Obedient and virtuous – Queen Luise
The mother image in Germany was significantly shaped by Queen Luise of Prussia (1776-1810). In contrast to connections in other royal houses, she and her husband Friedrich Wilhelm did not have a marriage of convenience based on rationale, but a love affair.
Queen Luise did not leave her children to an army of educators and governesses, but she dealt with them a lot herself. She also propagated obedience and submission to the husband.
Far beyond her death, she influenced the image of women and mothers in their heads. Her illustrated biography, published in 1896, was a must in every girl’s room. Various poets such as Heinrich von Kleist or Novalis also praised their motherliness and virtue.
With her attitude, Luise was a role model for the ideal of the middle-class small family, in which the father looks after the family as a working person and the mother creates a cozy, comfortable home at home and looks after the household and children.
The new motherhood around 1900
The women’s movement began in Germany towards the end of the 19th century. There were two very different currents. The radical direction propagated gender equality and demanded the same political rights and professional opportunities as for men.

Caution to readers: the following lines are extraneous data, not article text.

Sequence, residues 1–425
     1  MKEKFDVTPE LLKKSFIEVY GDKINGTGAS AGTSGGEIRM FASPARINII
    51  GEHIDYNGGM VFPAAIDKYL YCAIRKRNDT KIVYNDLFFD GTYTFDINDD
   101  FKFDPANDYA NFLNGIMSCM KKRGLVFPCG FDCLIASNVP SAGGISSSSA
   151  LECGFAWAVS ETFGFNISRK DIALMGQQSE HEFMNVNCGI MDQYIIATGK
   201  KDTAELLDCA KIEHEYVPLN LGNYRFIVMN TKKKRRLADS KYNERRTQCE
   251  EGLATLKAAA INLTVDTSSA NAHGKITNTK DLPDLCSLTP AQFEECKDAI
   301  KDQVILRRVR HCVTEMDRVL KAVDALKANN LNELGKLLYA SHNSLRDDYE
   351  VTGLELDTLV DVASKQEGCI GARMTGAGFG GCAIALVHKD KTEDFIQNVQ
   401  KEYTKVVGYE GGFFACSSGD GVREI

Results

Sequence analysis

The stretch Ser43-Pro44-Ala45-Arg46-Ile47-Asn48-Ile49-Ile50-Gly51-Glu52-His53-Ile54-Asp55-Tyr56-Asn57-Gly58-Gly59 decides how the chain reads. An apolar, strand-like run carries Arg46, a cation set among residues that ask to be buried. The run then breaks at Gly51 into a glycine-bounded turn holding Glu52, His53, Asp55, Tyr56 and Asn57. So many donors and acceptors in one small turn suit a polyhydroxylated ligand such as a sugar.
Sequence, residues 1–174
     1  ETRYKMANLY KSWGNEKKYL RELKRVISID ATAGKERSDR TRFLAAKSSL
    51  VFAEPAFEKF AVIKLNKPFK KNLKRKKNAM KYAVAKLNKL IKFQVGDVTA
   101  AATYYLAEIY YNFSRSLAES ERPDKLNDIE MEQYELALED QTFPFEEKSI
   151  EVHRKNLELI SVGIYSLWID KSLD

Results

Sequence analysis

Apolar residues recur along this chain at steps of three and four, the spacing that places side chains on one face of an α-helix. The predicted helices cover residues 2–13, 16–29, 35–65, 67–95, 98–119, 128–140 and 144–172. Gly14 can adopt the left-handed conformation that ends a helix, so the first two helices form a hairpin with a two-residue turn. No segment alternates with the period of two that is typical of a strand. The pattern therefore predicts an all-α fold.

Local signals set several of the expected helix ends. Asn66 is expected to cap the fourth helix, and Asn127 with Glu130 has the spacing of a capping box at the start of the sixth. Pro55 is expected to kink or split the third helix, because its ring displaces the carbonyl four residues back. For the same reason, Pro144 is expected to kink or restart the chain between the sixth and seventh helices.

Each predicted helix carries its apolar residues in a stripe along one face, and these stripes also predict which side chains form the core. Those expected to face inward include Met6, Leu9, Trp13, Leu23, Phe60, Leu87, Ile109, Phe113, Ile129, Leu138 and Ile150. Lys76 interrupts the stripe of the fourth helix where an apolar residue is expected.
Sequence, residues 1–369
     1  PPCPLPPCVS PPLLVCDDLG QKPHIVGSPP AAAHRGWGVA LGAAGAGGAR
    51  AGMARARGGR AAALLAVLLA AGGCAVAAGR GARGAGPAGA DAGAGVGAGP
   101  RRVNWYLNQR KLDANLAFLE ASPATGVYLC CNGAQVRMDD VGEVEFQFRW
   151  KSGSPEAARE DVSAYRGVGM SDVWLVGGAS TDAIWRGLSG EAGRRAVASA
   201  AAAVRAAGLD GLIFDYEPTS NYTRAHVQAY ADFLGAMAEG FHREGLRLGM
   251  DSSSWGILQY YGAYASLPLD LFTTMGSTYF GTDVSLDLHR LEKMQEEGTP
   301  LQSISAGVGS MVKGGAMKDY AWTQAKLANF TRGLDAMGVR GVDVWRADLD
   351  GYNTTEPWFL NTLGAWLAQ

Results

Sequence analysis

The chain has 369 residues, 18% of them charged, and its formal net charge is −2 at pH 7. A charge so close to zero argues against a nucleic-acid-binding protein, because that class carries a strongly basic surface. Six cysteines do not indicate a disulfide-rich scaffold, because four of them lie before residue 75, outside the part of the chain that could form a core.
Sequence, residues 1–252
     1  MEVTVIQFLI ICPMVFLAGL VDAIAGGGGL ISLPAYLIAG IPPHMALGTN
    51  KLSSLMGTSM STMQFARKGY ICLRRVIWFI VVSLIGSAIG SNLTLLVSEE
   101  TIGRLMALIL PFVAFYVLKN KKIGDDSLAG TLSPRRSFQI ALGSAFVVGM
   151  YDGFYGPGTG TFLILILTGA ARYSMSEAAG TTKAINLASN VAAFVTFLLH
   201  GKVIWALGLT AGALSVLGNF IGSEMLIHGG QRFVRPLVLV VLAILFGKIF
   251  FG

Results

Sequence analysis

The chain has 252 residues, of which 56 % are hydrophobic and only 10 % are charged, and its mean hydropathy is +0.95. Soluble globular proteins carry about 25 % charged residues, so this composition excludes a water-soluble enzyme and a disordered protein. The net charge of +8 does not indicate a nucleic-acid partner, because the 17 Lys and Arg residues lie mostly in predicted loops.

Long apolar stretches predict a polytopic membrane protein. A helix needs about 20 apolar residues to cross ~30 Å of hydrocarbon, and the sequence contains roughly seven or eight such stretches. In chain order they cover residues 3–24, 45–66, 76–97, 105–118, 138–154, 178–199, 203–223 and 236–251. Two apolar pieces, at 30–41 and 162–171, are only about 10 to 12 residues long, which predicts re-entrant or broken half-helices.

The more moderate wing emphasized the differences between the sexes. Motherhood was praised as the highest fulfillment of femininity, the mother-child relationship as the most important love relationship.
Girls’ schools should educate women. Household technical schools were founded as a training course for the demanding job of mother and housewife.
The so-called “spiritual motherhood” was seen as a corrective to the coldness of society shaped by men. This drive allowed women to work in public, for example to work for the good of others.
The German mother under National Socialism
National Socialist politics consistently continued the trend towards professionalization of housewives started by middle-class women’s associations.
For example, if an SS man wanted to marry, his future wife had to prove that she had attended a mother training course so that the two could get the marriage license from the Race and Settlement Office.
Housekeeping and health management, cooking, sewing, nursing and nursing were part of such a course.
Previously, the unity of mother and child was considered something deeply private, so it was now the Reproduction of the German race the task of the mother. Women who consciously decided against motherhood were considered degenerate and sick.
The role of the father shrank to that of the producer. It was no longer important whether a child was born out of wedlock or not, but whether it was of pure descent.
The three-phase model was mainly propagated in the 1970s and 1980s, but there are still representatives of this line to this day. The model was politically cemented by the legal possibility to keep the old job during a three-year parental leave.
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